The Smithsonian Videohistory Program, funded by the Alfred P. Sloan Foundation from 1986 until 1992, used video in historical research. Additional collections have been added since the grant project ended. Videohistory uses the video camera as a historical research tool to record moving visual information. Video works best in historical research when recording people at work in environments, explaining artifacts, demonstrating process, or in group discussion. The experimental program recorded projects that reflected the Institution's concern with the conduct of contemporary science and technology.
Smithsonian historians participated in the program to document visual aspects of their on-going historical research. Projects covered topics in the physical and biological sciences as well as in technological design and manufacture. To capture site, process, and interaction most effectively, projects were taped in offices, factories, quarries, laboratories, observatories, and museums. Resulting footage was duplicated, transcribed, and deposited in the Smithsonian Institution Archives for scholarship, education, and exhibition. The collection is open to qualified researchers.
In Session One, Matthew H. Schneps, co-director of the Wolbach Image Processing Laboratory at the Smithsonian Astrophysical Observatory, interviewed Geller about her personal and family history and the early influences on her life and work as a student and scientist. Schneps also touched on Geller's research on the structure of the universe. The interview took place on February 5, 1989, at Margaret Geller's home in Cambridge, Massachusetts. Schneps's intention was to examine the personal, social, political and psychological forces that determined the direction of Geller's scientific research. In Session Two, David H. DeVorkin, curator at the Smithsonian's National Air and Space Museum (NASM), focused on Geller's scientific interests and activities, including publications, major collaborations and specific research projects. DeVorkin's goal was to gain a greater sense of Geller's extensive contributions to the field of astronomy. The second session was conducted at the Smithsonian Astrophysical Observatory, Cambridge, Massachusetts, first in Margaret Geller's office and later in the image processing laboratory, where DeVorkin and Geller were joined by visiting professors Emilio Falco and Massismo Ramella. The interview took place on July 16, 1990, shortly after Geller was notified about winning the MacArthur Foundation Fellowship.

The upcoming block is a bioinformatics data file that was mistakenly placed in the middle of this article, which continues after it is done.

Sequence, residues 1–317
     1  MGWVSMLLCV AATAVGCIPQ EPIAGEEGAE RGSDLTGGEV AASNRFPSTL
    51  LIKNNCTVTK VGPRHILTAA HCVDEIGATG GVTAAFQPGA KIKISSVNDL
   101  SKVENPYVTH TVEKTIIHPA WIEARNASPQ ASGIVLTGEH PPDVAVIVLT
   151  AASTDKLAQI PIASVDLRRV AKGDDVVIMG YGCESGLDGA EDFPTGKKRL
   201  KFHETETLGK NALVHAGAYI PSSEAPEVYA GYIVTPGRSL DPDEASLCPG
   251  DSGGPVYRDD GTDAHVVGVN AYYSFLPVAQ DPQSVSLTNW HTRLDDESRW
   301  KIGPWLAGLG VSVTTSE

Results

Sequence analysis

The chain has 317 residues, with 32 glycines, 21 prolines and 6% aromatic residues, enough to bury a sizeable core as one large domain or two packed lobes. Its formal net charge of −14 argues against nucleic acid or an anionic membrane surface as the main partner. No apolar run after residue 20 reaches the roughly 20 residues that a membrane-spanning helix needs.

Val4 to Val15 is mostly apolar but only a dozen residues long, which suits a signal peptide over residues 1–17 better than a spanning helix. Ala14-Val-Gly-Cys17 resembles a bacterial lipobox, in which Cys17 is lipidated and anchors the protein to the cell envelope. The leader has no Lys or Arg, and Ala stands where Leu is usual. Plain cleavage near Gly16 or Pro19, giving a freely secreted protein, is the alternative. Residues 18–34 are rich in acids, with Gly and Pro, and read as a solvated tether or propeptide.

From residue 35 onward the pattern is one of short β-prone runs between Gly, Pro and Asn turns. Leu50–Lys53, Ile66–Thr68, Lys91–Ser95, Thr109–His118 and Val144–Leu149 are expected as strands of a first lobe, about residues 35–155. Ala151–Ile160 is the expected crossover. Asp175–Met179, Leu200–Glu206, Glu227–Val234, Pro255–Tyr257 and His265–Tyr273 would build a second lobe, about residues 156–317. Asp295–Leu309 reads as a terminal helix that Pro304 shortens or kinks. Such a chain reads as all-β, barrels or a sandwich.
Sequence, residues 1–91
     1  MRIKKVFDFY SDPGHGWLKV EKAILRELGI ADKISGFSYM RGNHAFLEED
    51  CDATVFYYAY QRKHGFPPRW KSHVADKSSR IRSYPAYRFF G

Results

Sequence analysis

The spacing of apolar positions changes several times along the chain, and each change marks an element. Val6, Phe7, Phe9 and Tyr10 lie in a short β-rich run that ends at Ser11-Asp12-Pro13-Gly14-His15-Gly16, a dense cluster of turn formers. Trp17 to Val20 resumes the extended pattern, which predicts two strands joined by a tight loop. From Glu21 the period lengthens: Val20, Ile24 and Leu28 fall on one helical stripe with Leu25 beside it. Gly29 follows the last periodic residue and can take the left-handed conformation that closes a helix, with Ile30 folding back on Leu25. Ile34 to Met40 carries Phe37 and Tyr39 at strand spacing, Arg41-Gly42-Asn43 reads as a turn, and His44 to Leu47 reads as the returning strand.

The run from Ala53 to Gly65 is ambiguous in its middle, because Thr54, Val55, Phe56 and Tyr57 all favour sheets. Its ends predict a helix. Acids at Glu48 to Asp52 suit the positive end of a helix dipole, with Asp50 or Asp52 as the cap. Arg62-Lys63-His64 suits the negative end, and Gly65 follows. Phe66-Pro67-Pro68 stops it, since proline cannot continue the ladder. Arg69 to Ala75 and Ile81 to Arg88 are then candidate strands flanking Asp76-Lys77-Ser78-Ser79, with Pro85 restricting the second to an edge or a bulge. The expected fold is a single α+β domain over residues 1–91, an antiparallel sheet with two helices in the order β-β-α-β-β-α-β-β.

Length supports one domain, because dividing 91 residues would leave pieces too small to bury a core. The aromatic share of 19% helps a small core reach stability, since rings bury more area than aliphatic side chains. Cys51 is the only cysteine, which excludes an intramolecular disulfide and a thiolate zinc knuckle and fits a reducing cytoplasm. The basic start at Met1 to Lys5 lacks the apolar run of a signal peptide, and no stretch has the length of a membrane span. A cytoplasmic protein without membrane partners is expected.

This collection consists of two interview sessions, totaling approximately 7:00 hours of recordings, and 199 pages of transcript. There are three generations of tape for each session: originals, dubbing masters, and reference copies. In total, this collection is comprised of 21 original videotapes (21 Beta videotapes), 7 dubbing master videotapes (7 U-matic videotapes), and 4 reference copy videotapes (4 VHS videotapes). The collection has been remastered digitally, with 7 motion jpeg 2000 and 7 mpeg digital files for preservation, and 7 Windows Media Video and 7 Real Media Video digital files for reference.